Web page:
High-tech tools could improve the living conditions of patients with spinal cord injuries in Pécs

The Biomedical Engineering research group of the University of Pécs Medical School Department of Neurosurgery is conducting internationally acclaimed research in high-tech healthcare technology about exoskeletons.

Cooperating with the National Medical Rehabilitation Center (OORI, Budapest), the goal is the improvement of living conditions of patients living with excessive spinal cord damage, and the comparative research of long-term health effects of exoskeletons.

The testing of the sixth generation exoskeleton designed by ReWalk started in Pécs early 2019, in cooperation with the PTE Department of Neurosurgery and 3D Center Biomedical Engineering Project. Nurses, physiotherapists, engineers and doctors in the research group are studying the long-term effects of devices bringing the experience of movement to patients with heavily reduced mobility.

Automotive outer body structures (exoskeletons) improving human stamina, physical strength and mobility have been used for a long time in the industry, and thanks to the development of technology in more and more other fields as well: for example, they have appeared in healthcare in the past years. The high-tech ReWalk exoskeleton devices acquired by the Pécs researchers under the EU tender can walk up to 10 kilometres a day on flat surfaces, and can also handle going up and down stairs with enough practice, functioning several hours with one charge. The devices can provide the joy of independent movement even for paraplegic patients who, according to the current level of medicine, would otherwise be unable to walk again. All of this has serious health effects other than the obvious practical benefits, since vertical positions are more beneficial than sitting in a wheelchair. Therefore the research group of PTE and OORI hope to achieve permanent improvement in living conditions with them – even knowing that these high-tech devices are unfortunately not yet available in state healthcare due to their steep prices and are only used for training.

“Immobilization and being forced into a wheelchair can have serious health complications other than loss of mobility, be that bedsores, obesity, muscle atrophy or joint stiffness. Especially in younger patients, these can lead to premature vascular diseases, osteoporosis, diabetes and mental health issues. These are endemics particularly affecting disabled people, making the use of exoskeletons crucial in improving the general health status of patients, if they can spend a certain amount of time standing and moving with these devices,” says dr. Luca Tóth, PhD student at the Department of Neurosurgery and one of the research leaders.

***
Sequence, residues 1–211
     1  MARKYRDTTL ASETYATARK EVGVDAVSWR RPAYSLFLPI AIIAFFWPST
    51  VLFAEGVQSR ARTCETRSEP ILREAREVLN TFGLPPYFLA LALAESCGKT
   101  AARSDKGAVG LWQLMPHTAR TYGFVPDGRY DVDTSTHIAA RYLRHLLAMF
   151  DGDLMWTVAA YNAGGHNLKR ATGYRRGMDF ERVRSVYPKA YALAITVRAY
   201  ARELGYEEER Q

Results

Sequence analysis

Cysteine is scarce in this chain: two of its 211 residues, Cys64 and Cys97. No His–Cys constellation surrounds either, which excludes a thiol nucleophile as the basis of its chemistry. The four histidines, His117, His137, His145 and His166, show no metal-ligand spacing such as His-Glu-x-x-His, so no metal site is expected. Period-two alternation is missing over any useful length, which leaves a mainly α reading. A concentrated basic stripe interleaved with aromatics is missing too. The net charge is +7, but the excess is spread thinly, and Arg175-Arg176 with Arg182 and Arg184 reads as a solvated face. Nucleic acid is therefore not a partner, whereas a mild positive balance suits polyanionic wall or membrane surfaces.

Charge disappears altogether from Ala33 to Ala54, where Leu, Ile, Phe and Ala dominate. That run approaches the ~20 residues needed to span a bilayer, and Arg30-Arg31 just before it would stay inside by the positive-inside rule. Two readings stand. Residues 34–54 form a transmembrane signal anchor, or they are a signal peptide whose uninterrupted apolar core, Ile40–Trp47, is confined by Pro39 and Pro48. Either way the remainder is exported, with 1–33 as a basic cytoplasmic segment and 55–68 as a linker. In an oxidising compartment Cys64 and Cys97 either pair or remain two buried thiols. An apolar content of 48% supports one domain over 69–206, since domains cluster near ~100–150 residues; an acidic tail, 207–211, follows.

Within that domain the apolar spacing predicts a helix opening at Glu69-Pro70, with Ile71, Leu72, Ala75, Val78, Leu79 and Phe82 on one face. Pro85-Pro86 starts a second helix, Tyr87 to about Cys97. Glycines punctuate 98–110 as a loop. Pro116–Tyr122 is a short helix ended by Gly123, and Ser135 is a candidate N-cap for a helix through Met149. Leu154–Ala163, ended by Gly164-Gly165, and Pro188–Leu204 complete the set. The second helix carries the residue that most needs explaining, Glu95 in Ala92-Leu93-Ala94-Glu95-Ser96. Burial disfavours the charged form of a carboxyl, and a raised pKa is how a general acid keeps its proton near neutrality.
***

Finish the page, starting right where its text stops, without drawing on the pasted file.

The goal of researchers in Pécs is the development of a maintenance therapy that would work with spinal cord injury patients long-term, for multiple years; recording the length and frequency of sessions required to achieve long-term health benefits. The importance of this research is heightened by the fact that such studies are only in their early stages internationally.

“This is an extremely new technology, there are only a few hundred such devices in the whole world, and there is no unified protocol on the frequency and intensity of treating spinal cord injury patients. We apply a very active, five days a week, 90 minutes a day therapy in cooperation with a movement therapist colleague. Due to the recent nature of the study, follow-up studies are not really known, which makes our work both harder, but also more exciting.”

In the past months both the members of the research group and the patient trying the exoskeletons for the first time took part in a very intense training to ensure save usage of the devices, resulting in the independent use of the device since mid-June by the patient as the first big milestone.

The Pécs research group gained an important professional partner in OORI, who are spearheading the treatment of spinal cord injury patients. The cooperation means that out of the two available exoskeletons, one is used in Pécs, the other in Budapest, allowing the inclusion of more patients. The construction of a biomechanical laboratory in the Department of Neurosurgery is also in the making, and according to plan, this will allow work to continue with an increased number of equipment from winter.

“Other than clinical trials, we focus heavily on the equipment and methodology development together with the manufacturer and seller companies,” adds Dr Péter Maróti, medical-professional leader of the Biomedical Engineering Project. “During our work we extend the measurement technology capabilities of existing systems in close cooperation with PTE Faculty of Engineering and Information Technology, but our multidisciplinary research group joins the technological advancements as well via learning more about these devices. This is all very important for the long-term sustainability of the project, since this is how we can build active professional connections with market members and other research-development institutions. Therefore we find it highly important that we have won the local Excellence Centre qualification on ReWalk,” emphasizes Péter Maróti.

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